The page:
Breast augmentation is one of the most popular cosmetic procedures performed at our office and by plastic surgeons all over the world. Our patients often choose to have a breast augmentation after they are done having children, when they want larger, fuller breasts (even if they don’t have children), or because they’ve lost a lot of weight and they want to restore the fullness in their breasts.
Regardless of a woman’s “reason” to have a breast augmentation, it’s important that she understands how long the recovery period is before she schedules her surgery, and why she needs to hold off on strenuous exercise.
By knowing what to expect recovery-wise, our patients can take time off work accordingly, have a close friend or family member help take care of them immediately following surgery, and if they have young children, they can ensure their needs are cared for as they recover at home.
What You Need to Know About Recovery
You may have searched out “breast augmentation recovery period” on Google and came back with all kinds of answers ranging from 24 hours to 6 or even 8 weeks. Some plastic surgeons may say you can go out to dinner that night, while others will say that you should be feeling pretty good around two weeks after surgery. So, which timeline is right? Can you have your surgery performed on Friday and be back at work the following Monday? And, when can you resume your normal exercise routine, like running or weightlifting?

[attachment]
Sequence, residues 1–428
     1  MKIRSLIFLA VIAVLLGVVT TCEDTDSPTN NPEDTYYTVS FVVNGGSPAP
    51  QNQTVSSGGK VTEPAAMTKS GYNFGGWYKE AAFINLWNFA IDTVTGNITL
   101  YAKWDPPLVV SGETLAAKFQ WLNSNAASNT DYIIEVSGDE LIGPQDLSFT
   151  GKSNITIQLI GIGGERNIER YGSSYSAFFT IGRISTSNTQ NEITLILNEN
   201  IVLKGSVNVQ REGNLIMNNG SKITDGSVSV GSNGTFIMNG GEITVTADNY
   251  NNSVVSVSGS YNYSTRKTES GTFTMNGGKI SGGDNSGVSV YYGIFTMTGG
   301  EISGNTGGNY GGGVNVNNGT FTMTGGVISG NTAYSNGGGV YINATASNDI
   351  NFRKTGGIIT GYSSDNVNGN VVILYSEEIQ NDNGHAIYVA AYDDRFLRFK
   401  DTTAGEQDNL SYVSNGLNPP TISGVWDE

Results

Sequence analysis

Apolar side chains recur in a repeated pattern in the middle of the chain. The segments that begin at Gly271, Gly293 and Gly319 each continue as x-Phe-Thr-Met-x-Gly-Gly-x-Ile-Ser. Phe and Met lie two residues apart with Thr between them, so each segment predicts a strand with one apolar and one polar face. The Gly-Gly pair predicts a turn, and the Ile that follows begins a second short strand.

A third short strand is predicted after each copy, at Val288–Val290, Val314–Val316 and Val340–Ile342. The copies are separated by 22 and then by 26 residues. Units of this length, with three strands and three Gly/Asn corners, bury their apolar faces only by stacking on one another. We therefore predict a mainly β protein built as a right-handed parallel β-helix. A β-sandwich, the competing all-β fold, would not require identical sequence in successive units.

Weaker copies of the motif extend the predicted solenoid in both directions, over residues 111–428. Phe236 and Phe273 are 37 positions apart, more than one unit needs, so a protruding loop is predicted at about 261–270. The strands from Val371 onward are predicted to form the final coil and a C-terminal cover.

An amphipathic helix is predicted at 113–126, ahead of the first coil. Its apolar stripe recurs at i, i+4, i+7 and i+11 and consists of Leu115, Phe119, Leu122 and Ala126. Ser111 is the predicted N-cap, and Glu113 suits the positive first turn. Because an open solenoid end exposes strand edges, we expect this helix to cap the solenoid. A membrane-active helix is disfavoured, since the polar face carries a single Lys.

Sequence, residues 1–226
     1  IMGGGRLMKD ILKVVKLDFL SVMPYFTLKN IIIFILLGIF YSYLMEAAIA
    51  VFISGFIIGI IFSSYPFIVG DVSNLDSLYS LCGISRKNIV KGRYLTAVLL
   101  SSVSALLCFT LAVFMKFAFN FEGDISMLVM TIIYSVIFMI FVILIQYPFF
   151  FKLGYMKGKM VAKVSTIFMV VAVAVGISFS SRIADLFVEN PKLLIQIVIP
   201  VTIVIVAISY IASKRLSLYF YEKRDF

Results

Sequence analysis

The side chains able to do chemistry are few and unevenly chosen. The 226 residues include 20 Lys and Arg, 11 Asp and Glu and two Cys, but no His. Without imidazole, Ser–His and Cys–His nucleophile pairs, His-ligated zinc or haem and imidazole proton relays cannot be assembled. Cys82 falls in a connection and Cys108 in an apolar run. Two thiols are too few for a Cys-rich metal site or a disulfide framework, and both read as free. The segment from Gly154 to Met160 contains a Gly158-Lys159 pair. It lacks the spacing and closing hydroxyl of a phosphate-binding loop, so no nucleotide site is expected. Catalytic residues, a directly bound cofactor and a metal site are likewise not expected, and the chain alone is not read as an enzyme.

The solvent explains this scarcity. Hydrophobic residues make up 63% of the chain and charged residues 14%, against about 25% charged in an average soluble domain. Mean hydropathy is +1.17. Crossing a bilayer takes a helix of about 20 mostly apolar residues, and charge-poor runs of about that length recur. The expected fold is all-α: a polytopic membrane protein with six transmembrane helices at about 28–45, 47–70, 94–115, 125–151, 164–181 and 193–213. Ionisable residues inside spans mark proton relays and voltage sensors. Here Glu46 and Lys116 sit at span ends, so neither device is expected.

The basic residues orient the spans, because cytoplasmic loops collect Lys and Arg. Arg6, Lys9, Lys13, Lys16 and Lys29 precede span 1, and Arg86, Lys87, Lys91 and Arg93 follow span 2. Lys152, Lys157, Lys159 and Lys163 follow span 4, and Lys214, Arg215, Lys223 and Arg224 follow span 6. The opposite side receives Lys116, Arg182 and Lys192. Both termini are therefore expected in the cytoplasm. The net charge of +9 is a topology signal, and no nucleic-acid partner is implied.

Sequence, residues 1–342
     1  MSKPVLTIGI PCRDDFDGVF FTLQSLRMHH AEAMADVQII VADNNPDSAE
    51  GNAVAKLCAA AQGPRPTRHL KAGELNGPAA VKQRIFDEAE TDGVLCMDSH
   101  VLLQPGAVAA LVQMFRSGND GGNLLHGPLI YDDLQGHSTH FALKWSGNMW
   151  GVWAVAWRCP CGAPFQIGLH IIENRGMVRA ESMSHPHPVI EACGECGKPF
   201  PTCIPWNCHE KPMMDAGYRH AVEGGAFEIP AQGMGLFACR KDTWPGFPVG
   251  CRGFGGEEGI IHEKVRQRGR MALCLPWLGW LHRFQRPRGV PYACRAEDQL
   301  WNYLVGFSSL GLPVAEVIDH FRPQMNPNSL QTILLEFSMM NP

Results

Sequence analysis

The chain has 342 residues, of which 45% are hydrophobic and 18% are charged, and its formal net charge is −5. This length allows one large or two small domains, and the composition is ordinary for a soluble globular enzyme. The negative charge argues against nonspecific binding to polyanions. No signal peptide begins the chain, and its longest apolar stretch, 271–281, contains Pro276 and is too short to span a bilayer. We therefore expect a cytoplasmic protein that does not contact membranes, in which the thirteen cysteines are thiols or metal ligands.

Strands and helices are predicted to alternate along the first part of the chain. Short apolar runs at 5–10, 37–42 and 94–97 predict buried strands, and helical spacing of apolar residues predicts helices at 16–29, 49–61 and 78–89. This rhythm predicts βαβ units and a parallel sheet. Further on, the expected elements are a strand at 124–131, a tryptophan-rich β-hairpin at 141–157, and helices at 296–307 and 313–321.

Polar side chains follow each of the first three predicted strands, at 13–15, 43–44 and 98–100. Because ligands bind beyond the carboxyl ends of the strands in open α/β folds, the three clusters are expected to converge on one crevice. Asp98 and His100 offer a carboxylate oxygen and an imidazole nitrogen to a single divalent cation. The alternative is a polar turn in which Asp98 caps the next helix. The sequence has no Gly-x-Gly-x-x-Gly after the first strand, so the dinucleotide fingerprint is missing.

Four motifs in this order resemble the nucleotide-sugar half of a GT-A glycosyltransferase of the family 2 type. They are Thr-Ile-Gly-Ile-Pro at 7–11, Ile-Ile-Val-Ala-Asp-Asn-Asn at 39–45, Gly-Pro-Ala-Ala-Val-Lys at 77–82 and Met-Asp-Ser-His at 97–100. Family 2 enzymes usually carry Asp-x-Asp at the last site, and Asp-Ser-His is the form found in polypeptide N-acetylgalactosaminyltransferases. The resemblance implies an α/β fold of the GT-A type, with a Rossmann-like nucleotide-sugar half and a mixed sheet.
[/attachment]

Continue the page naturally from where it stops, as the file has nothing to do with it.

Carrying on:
Every patient is unique and breast augmentation recovery periods vary from patient to patient. The recovery period also depends on the size of the implants and whether they are placed above or below the muscle. To err on the side of caution, we can safely say that on average, a full recovery takes about six weeks, sometimes longer, but many patients feel really good about one to two weeks after surgery.
Once you have a breast augmentation surgery, your breasts will be very sore and swollen for about a week. To maximize results, it’s very important to limit physical activity, especially strenuous exercises for about three weeks following surgery, but by week six, you should be able to resume all normal activities. Please bear in mind that larger implants and implants placed under the muscle may require more time to heal.
Note: We instruct patients not to do any heavy lifting for three weeks after surgery in order to prevent bleeding, tearing, or hematoma. To combat weight gain post-surgery, patients will often resume light exercise (with Dr. Gorodisky’s approval) when they feel up to it, such as walking, and they’ll use portion control to maintain a healthy weight.